we cannot tell from the authorities they have cited how a Louisiana court would resolve the issue
before us. As the party advocating the application of Louisiana law, the excess underwriters bore the
burden of establishing that it differed from Texas law to overcome the presumption that it is the same
as Texas’s. See Gevinson v. Manhattan Constr. Co. of Ok., 449 S.W.2d 458, 465 n.2 (Tex. 1969); see
also Unocal Corp. v. Dickinson Res. Inc., 889 S.W.2d 604, 607 n.2 (Tex. App.—Houston [14th Dist.]
1994), writ denied per curiam, 907 S.W.2d 453 (Tex. 1995).[5] Because they have not, we presume
that the outcome would be no different under the foreign state’s law.

VI. Conclusion

    We hold that the excess underwriters have not established a right to reimbursement under Texas
law, nor have they established that the application of Louisiana law would produce a different result.
Accordingly, we affirm the court of appeals’ judgment.


                                                                Harriet O’Neill


OPINION DELIVERED: February 1, 2008

[1] We received amicus curiae briefs from United Policyholders; Pilco, Inc.; Shell Oil Co., Motiva
Enterprises LLC, Burlington Resources Inc., Temple-Inland Inc., and Brad Fish, Inc.; the Texas
Association of Defense Counsel; the Texas Civil Justice League; and Fred A. Simpson and Randall L.
Smith, opposing a right to reimbursement under these circumstances. These amici argue generally
that allowing reimbursement would distort the process of settling third-party liability claims and would
allow insurers to extract contributions from their insureds that their policies do not support. The
Complex Insurance Claims Litigation Association and the Property Casualty Insurers Association of
America submitted briefs supporting the underwriters’ right to reimbursement.

[2] The policy defines “ultimate net loss” as “the total sum which the Assured, or his Underlying
Insurers as scheduled, or both, become obligated to pay . . . either through adjudication or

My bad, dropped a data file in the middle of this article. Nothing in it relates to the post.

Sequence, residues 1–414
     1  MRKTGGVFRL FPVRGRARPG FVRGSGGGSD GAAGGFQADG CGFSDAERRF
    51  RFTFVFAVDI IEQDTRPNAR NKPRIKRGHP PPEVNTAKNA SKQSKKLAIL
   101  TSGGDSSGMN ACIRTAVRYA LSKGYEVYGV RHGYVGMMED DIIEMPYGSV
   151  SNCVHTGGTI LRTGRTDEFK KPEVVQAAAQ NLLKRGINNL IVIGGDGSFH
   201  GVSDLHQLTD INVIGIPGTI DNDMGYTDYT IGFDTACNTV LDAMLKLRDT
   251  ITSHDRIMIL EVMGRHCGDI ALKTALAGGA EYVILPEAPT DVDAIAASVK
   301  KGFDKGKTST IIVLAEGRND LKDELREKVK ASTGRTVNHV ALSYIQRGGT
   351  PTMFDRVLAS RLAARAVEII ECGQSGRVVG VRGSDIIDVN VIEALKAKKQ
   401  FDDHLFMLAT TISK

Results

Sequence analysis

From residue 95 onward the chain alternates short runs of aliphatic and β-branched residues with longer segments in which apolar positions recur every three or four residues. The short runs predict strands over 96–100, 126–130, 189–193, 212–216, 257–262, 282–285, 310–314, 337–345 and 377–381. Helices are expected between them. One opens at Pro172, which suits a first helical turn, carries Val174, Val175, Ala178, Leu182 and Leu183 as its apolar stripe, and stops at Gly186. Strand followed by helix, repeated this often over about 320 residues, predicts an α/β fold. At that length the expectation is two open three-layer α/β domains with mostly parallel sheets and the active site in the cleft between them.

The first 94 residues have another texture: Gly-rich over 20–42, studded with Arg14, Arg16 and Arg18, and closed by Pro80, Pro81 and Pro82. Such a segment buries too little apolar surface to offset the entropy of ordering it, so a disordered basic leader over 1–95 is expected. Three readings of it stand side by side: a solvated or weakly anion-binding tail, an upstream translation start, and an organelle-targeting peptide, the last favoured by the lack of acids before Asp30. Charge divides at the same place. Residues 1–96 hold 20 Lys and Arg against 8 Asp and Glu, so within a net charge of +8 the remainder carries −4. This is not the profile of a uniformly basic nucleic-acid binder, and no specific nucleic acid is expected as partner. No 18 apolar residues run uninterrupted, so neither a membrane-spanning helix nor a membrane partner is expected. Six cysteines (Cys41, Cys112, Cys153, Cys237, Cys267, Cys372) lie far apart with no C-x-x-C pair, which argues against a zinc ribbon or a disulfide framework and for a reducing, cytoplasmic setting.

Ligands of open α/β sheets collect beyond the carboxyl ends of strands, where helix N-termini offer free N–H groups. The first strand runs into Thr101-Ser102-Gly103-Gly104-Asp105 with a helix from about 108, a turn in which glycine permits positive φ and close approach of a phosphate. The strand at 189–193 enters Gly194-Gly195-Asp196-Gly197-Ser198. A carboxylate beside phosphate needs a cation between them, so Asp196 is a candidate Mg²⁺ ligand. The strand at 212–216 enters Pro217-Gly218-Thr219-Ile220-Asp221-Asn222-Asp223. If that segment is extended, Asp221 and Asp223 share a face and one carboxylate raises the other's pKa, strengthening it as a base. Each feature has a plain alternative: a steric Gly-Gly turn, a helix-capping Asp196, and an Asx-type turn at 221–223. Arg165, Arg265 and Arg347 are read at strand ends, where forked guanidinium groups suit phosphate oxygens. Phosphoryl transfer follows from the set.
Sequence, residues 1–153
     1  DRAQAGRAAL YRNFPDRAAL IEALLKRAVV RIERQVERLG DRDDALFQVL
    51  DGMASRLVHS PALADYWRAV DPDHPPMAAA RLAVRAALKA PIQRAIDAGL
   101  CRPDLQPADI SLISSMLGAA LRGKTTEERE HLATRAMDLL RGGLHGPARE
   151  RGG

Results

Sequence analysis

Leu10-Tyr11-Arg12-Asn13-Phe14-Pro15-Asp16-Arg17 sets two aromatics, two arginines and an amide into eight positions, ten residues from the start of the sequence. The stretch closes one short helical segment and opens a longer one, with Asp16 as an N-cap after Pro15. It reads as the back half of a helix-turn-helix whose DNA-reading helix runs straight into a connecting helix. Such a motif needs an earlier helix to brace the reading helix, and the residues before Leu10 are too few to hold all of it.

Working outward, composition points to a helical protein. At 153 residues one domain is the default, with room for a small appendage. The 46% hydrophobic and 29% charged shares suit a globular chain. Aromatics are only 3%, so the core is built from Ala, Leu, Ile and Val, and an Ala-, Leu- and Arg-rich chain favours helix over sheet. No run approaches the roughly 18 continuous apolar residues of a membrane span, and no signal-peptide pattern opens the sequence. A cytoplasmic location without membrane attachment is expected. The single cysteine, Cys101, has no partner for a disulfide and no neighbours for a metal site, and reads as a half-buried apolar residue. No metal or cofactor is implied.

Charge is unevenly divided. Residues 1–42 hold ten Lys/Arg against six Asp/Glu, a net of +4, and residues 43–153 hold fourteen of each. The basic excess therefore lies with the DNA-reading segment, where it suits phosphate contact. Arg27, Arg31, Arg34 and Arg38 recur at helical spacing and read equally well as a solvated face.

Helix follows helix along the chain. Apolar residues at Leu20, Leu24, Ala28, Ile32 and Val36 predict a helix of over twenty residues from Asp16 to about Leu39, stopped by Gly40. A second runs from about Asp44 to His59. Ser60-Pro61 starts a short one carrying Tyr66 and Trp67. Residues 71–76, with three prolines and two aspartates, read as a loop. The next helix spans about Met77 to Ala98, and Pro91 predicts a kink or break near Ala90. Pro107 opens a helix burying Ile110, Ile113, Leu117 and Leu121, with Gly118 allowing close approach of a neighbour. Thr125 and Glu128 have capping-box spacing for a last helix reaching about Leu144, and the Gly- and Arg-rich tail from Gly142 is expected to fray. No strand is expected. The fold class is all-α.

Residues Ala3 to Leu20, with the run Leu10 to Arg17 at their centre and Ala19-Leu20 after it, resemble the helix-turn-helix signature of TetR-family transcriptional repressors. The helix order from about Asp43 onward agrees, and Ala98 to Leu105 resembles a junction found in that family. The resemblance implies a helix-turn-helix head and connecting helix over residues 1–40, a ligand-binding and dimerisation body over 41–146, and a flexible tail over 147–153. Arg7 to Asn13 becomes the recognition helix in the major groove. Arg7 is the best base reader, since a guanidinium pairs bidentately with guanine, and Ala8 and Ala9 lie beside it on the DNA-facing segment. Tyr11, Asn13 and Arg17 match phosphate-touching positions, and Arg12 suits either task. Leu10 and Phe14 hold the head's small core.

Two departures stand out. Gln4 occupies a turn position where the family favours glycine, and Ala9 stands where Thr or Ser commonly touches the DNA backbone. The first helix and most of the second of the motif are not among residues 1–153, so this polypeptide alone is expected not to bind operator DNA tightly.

compromise . . . . ”

[3] The title of this clause is not clear on any portion of the record; Frank’s Casing refers to it as a
“Loss Payable” clause, a characterization that the excess underwriters do not dispute.

[4] In Edmonston, for example, the court held that a widow who had unwittingly conveyed a home worth
more than $24,000 to a mortgage company to satisfy a $5,178.24 second mortgage could recover
under Louisiana’s unjust- enrichment statutes. 289 So.2d at 122. In Minyard, the court considered
when limitations had run on a subcontractor’s claim to recover from a product supplier amounts it had
paid to compensate the contractor for defective caulking. 205 So. 2d at 638. The court merely equated
the subcontractor’s claim seeking indemnity with an unjust-enrichment claim in determining the
appropriate limitations period. Id. at 650, 653. In response to Frank’s Casing’s motion for
reconsideration of the trial court’s partial summary judgment on reimbursement, the excess
underwriters cited a suit in which a court held that an insurer was not liable for statutory bad-faith
penalties because the insurer had sought reimbursement of settlement costs. Peavey Co. v. M/V
ANPA, 971 F.2d 1168 (5th Cir. 1992). In reversing the penalties, the Fifth Circuit noted that the the
insured had stipulated that it would be liable to reimburse the insurer if coverage was resolved in the
insurer’s favor. Id. at 1177.

[5] The excess underwriters contend that the presumption that another state’s law is the same as this
state’s does not apply because Louisiana law is not based on the common law, citing 29 Am. Jur. 2d
Evidence § 259 (2002). Neither we nor any other Texas court has recognized this distinction. In fact,
we recently indicated that the presumption would normally apply in a case involving Louisiana law.
Coca-Cola Co. v. Harmar Bottling Co., 218 S.W.3d 671, 685 (Tex. 2006).